● Do you need help with travel arrangements, such as booking flights and hotels, making reservations, or setting up itineraries?
● Do you need help with personal tasks, such as making sure you eat?
● Can you outsource certain business operations and processes, for example by standardizing customer onboarding, engagement letters and contracts?
● Do you want someone who can relieve you of a whole part of your activity? Some examples include outsourced marketing, outsourced CFO services, etc.
Ultimately, you can delegate whatever you want. It can be helpful to keep a running list of everything you do daily for about a week. Then consider which of these tasks you could give away. You might be surprised at how much work you do that doesn’t best match your skills and expertise.
Consider your budget and logistics
This is going to be highly personalized to your business, but one thing I’ve seen time and time again is that business owners have a limiting belief that they just can’t afford help (or help). quality). But what they don’t realize until later is that hiring the right person is an investment that will pay dividends once your new hire is onboarded and working to their full potential.
When determining a realistic budget for this role, you’ll also need to think about things like:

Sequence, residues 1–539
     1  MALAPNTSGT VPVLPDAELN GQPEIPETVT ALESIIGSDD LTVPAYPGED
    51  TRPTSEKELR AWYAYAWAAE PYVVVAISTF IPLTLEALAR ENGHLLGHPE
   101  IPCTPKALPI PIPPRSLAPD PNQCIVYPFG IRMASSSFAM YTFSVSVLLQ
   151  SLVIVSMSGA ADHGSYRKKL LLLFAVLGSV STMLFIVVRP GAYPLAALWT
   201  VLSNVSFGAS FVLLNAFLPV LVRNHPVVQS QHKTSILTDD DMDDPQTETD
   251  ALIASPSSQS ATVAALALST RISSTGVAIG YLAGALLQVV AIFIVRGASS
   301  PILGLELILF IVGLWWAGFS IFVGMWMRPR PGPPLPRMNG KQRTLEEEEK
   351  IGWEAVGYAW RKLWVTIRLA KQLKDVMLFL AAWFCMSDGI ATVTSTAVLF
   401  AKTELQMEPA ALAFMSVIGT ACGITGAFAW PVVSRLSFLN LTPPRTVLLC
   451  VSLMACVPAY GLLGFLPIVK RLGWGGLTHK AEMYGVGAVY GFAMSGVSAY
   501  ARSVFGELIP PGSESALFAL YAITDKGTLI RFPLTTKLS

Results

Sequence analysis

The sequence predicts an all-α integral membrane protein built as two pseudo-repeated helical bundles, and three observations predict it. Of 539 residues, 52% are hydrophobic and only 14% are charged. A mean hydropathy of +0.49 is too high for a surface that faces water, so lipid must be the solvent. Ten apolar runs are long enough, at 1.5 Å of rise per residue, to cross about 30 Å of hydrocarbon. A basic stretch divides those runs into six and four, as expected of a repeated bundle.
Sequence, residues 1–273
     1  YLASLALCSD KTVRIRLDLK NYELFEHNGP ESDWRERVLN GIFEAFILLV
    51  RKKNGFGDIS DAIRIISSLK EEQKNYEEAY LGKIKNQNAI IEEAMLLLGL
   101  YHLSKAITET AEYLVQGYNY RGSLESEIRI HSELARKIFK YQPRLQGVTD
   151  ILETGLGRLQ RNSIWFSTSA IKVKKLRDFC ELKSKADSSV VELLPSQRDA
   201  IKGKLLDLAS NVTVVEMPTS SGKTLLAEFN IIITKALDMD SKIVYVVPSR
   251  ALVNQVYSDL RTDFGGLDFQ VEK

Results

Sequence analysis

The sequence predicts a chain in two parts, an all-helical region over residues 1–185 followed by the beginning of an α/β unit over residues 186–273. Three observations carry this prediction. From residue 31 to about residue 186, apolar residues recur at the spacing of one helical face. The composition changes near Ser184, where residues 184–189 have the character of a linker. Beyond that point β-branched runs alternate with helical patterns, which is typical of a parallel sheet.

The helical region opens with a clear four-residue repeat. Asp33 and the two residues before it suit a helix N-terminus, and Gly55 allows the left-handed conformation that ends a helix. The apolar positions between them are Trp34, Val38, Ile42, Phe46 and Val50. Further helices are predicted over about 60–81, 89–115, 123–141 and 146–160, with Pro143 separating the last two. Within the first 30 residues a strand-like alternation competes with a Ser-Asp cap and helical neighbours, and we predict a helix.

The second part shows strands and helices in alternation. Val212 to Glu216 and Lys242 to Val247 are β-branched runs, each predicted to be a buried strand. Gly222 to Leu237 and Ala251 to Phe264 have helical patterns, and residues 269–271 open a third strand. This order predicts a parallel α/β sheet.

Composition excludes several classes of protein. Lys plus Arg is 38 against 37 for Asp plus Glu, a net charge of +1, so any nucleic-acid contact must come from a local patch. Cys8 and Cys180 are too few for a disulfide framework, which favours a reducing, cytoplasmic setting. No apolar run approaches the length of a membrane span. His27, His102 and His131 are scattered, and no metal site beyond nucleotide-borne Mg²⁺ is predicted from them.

- Whether the person will be full-time or part-time
- Whether he will be an employee of the Independent Contractor (as defined by federal law)
- What types of systems will you need in place (payroll, workers compensation insurance, etc.)
- Whether you will need to provide benefits and how you will administer them
Before you start hyperventilating here, remember that there are many professionals who can help you. From joining a subscription service like Legal Zoom or Rocket Lawyer for boilerplate documents to a business coach, to hiring a full-service consulting firm to hold your hand along the way, you no need to go alone even while you’re trying to build your business so you don’t have to go it alone!
Concretely, once you have determined the type of work you want to hire for, you will need to think about how much you can afford to pay. The old adage “you get what you pay for” is true. It’s also true, in my experience, that the better the quality of help you have, the higher your true return on investment will be.